All simulations were performed for combined and single models with the same assumptions in three different climate conditions: cold-humid (Montreal), moderate-humid (Vancouver), and warm-humid (Miami).
The results simulated with the combined model and EnergyPlus include hourly space heating/cooling energy consumption. Results simulated with the combined model and CONTAM include daily indoor CO2 concentrations. Finally, results simulated with the combined model and WUFI include hourly indoor relative humidity (RH).
Results were converted as percentage differences of ASHRAE standards to avoid dealing with different dimension measurements, as shown in Figure 2, and were averaged on a one-year period.
Optimal Scenarios Depending on Climate Conditions
Optimal scenarios in this research were selected based on their minimal differences from the acceptable level of ASHRAE Standards for both combined and single models.
Figure 3 presents simulation outputs for hourly space heating/cooling energy consumption for the four scenarios, in Montreal, Vancouver and Miami. The airtight fan-off scenario is the optimal scenario for both the combined model and EnergyPlus for the three cities. In this scenario, values predicted by the combined model are -2.03%, -1.82%, and -7.78% from those predicted by EnergyPlus for Montreal, Vancouver and Miami, respectively.
Figure 4 presents the simulation outputs of daily indoor CO2 concentrations for the four scenarios in Montreal, Vancouver and Miami. In Montreal and Vancouver, the optimal scenario is the leaky fan-on scenario for both the combined model and CONTAM. In this scenario, values predicted with the combined model are -2.28% and -2.46% compared to those predicted by CONTAM for Montreal and Vancouver, respectively.
In Miami, the leaky fan-on scenario is still optimal when CONTAM is used alone, but with the combined model, the airtight fan-on and leaky fan-on are comparable. The values of the optimal scenarios predicted with the combined model are -3.22% compared to the optimal scenario predicted by CONTAM.
Figure 5 presents simulation outputs for hourly relative humidity (RH) for the four scenarios in Montreal, Vancouver and Miami. The leaky fan-on scenario is the optimal scenario when WUFI is used alone in Montreal, Vancouver and Miami. However, with the combined model, the airtight fan-on scenario becomes the optimal scenario in Montreal, and the airtight fan-off, the optimal scenario for Vancouver and Miami. The predicted values of the combined model for the optimal scenarios are 54.76%, 47.64% and -5.54% compared to those predicted with WUFI for Montreal, Vancouver and Miami, respectively.
The advantage and innovation of this research lie in the combined model, due to the possibility of exchanging the control variables of airflow, temperature, and heating/cooling flow. In a cyclic loop between the sub-models, the optimal scenarios can be predicted based on the ASHRAE Standards. But in the single models, the input data of airflow, temperature and heating/cooling flow are defined by the user.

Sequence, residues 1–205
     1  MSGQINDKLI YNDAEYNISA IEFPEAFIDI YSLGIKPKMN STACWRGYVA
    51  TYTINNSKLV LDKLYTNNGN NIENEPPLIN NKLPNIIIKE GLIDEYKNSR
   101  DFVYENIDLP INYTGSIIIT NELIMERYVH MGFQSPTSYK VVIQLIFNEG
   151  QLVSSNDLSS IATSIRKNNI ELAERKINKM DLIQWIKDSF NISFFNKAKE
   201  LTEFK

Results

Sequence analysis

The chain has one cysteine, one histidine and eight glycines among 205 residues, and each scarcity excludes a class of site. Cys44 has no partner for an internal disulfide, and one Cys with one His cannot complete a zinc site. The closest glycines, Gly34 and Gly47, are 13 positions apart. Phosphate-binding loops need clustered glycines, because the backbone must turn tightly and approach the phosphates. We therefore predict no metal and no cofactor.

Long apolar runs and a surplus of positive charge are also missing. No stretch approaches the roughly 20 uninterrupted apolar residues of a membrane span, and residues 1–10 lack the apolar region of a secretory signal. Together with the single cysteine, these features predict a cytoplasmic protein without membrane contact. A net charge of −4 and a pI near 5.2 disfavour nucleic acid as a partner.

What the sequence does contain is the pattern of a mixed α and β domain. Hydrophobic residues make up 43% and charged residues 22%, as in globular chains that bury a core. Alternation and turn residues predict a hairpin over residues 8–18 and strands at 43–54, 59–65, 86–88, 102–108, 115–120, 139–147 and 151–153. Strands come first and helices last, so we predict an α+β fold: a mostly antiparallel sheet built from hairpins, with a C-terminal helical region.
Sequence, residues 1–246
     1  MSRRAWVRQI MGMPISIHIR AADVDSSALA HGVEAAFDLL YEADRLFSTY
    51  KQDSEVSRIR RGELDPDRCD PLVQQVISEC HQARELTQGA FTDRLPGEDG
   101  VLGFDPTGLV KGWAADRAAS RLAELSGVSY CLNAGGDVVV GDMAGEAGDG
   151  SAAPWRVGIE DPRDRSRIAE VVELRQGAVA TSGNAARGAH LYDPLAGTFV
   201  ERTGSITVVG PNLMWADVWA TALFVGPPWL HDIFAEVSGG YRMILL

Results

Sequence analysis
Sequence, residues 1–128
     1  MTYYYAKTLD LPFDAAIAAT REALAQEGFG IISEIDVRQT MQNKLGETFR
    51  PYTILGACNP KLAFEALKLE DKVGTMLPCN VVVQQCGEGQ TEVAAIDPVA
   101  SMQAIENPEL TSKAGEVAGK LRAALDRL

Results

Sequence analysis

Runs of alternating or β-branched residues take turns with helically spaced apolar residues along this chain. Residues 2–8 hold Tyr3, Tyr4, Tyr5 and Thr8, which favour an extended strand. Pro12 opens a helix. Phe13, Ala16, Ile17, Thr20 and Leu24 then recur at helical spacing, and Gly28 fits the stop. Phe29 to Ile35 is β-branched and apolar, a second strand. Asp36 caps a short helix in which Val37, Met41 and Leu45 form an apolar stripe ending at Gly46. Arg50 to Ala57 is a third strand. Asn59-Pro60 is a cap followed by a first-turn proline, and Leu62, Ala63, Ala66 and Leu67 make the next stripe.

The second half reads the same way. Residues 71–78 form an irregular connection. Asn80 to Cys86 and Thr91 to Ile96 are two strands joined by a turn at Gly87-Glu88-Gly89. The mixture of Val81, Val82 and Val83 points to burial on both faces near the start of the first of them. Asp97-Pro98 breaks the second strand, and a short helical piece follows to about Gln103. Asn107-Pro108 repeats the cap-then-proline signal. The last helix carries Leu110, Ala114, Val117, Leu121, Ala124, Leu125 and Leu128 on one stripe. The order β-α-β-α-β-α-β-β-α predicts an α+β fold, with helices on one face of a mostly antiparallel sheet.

We acknowledge the partial financial contribution of my thesis by Natural Sciences and Engineering Research Council of Canada (NSERC).
For more information, please refer to the following articles published in the Energies journal.
Heibati, S.; Maref, W.; Saber, H.H. Assessing the Energy and Indoor Air Quality Performance for a Three-Story Building Using an Integrated Model, Part One: The Need for Integration. Energies 2019, 12, 4775. https://doi.org/10.3390/en12244775
Heibati, S.; Maref, W.; Saber, H.H. Assessing the Energy, Indoor Air Quality, and Moisture Performance for a Three-Story Building Using an Integrated Model, Part Two: Integrating the Indoor Air Quality, Moisture, and Thermal Comfort. Energies 2021, 14, 4915. https://doi.org/10.3390/en14164915
Heibati, S.; Maref, W.; Saber, H.H. Assessing the Energy, Indoor Air Quality, and Moisture Performance for a Three-Story Building Using an Integrated Model, Part Three: Development of Integrated Model and Applications. Energies 2021, 14, 5648. https://doi.org/10.3390/en14185648
Seyedmohammadreza Heibati is a PhD candidate in the Department of Construction Engineering at ÉTS. His research topic is “Assessing the Energy, Moisture and Indoor Air Quality Performance for a Three-Story Building Using an Integrated Model”.
Program : Construction Engineering
Research laboratories : LTSB - Laboratory of Thermal and Building Science
Wahid Maref is a professor in the Department of Construction at ÉTS. He specializes in building science, particularly in design of test benches, experimental methods and hygrothermal performance analysis of building envelopes.
Program : Construction Engineering
Hamed H. Saber
Hamed H. Saber is professor in the Prince Saud Bin Thuniyan Research Center and the Mechanical Engineering Department of Jubail University College at Royal Commission for Jubail and Yanbu, Saudi Arabia.
Research laboratories :